Sadly, New York doesn't get this show until December! So long for something getting such great (and intriguing) reviews, that say things like:
As I promised, this isn't a review of The Last Cargo Cult. I won't tell you why I was handed $20 by the usher as I entered the theater, what happens on the little island of Tana, what the John Frum Movement worships or what exactly fiat currency means. These are all part of the amazing journey of Mike Daisey's The Last Cargo Cult, a monologue which is set to have an extraordinary life including three weekends of workshops in Seattle, a premiere at Philadelphia Live Arts Festival, a run at the Playmakers Repertory Theatre in Chapel Hill, and a prime-time spot in December at the Public Theater.
Buy tickets here.
Nationally acclaimed monologuist and erstwhile Seattleite Mike Daisey returns to Seattle to workshop a new monologue, The Last Cargo Cult, where he tells the true-life story of his time on a remote South Pacific island whose inhabitants worship America at the base of a constantly erupting volcano. Their religion is explored alongside our own to form a sharp and searing examination of the international financial crisis. Daisey wrestles with the largest questions of what the collapse means, and what it says about our deepest values. Part adventure story and part memoir, he uses each culture to illuminate the other to find, between the seemingly primitive and the achingly modern, a human answer.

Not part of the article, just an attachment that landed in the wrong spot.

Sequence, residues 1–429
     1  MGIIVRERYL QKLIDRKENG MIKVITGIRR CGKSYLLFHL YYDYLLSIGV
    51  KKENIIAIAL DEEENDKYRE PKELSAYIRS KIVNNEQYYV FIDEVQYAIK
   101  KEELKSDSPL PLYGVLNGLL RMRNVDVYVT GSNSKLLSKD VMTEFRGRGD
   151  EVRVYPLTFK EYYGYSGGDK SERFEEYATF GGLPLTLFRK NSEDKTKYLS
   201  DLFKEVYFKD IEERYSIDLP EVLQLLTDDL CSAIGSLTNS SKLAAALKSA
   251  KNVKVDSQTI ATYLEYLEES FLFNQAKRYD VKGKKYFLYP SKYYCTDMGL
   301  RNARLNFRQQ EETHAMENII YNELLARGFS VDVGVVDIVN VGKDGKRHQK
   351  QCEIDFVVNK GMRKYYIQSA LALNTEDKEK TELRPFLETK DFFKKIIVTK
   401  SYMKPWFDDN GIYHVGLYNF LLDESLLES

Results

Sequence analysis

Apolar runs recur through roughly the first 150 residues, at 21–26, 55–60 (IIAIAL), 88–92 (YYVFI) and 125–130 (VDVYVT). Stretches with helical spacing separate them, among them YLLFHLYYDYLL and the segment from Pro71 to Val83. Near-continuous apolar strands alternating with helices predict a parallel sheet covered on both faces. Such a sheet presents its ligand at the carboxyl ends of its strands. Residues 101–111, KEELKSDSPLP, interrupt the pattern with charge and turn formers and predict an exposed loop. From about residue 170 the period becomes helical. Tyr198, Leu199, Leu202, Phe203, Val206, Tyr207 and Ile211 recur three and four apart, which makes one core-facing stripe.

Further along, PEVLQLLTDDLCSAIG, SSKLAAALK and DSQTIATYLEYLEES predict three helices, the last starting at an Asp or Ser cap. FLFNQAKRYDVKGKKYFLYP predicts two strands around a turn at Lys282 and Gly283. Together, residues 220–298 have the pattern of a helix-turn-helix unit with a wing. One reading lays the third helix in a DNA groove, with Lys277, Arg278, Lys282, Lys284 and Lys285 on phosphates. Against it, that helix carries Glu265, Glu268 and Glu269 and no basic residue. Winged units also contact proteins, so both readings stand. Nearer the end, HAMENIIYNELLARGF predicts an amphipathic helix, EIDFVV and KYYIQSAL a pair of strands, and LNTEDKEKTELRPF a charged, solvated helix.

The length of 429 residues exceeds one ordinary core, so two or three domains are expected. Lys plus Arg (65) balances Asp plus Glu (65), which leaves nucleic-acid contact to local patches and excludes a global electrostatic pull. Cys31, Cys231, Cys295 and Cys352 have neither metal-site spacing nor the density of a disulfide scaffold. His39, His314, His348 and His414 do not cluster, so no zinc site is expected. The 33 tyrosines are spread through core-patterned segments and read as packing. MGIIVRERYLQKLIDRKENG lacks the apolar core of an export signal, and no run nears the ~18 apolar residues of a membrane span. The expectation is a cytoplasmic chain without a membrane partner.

From The Seattle Times:
Ah, what some people will do for their art.
It wasn't enough for acclaimed monologuist Mike Daisey to suddenly drop everything, and make the 20-hour air journey to Tanna, a South Pacific island in the archipelago of Vanuatu.
No, for his new show "The Last Cargo Cult" (opening tonight at Richard Hugo House) he also boned up on macroeconomics.
"We went on vacation in Mexico, and I'd be lying on the beach reading this big stack of books on the subject," recalls Daisey, an ex-Seattleite and the prolific auteur of such other one-man shows as the acclaimed "21 Dog Years: Doing Time@Amazon.com" and a "Great Men of Science" series.
So what does a remote isle have to do with Wall Street derivatives?
Trust Daisey, an intellectual omnivore, and his director-collaborator (and wife) Jean-Michele Gregory, to connect the dots.
Inspired by the world financial crisis, and the odd history of "cargo cults," the New York-based Daisey says he's really exploring the thorny relationship between human beings and money.
Cargo cults, according to the Merriam-Webster Dictionary, are "Melanesian religious groups characterized by the belief that material wealth ... can be obtained through ritual worship."
See www.mikedaisey.com for more info.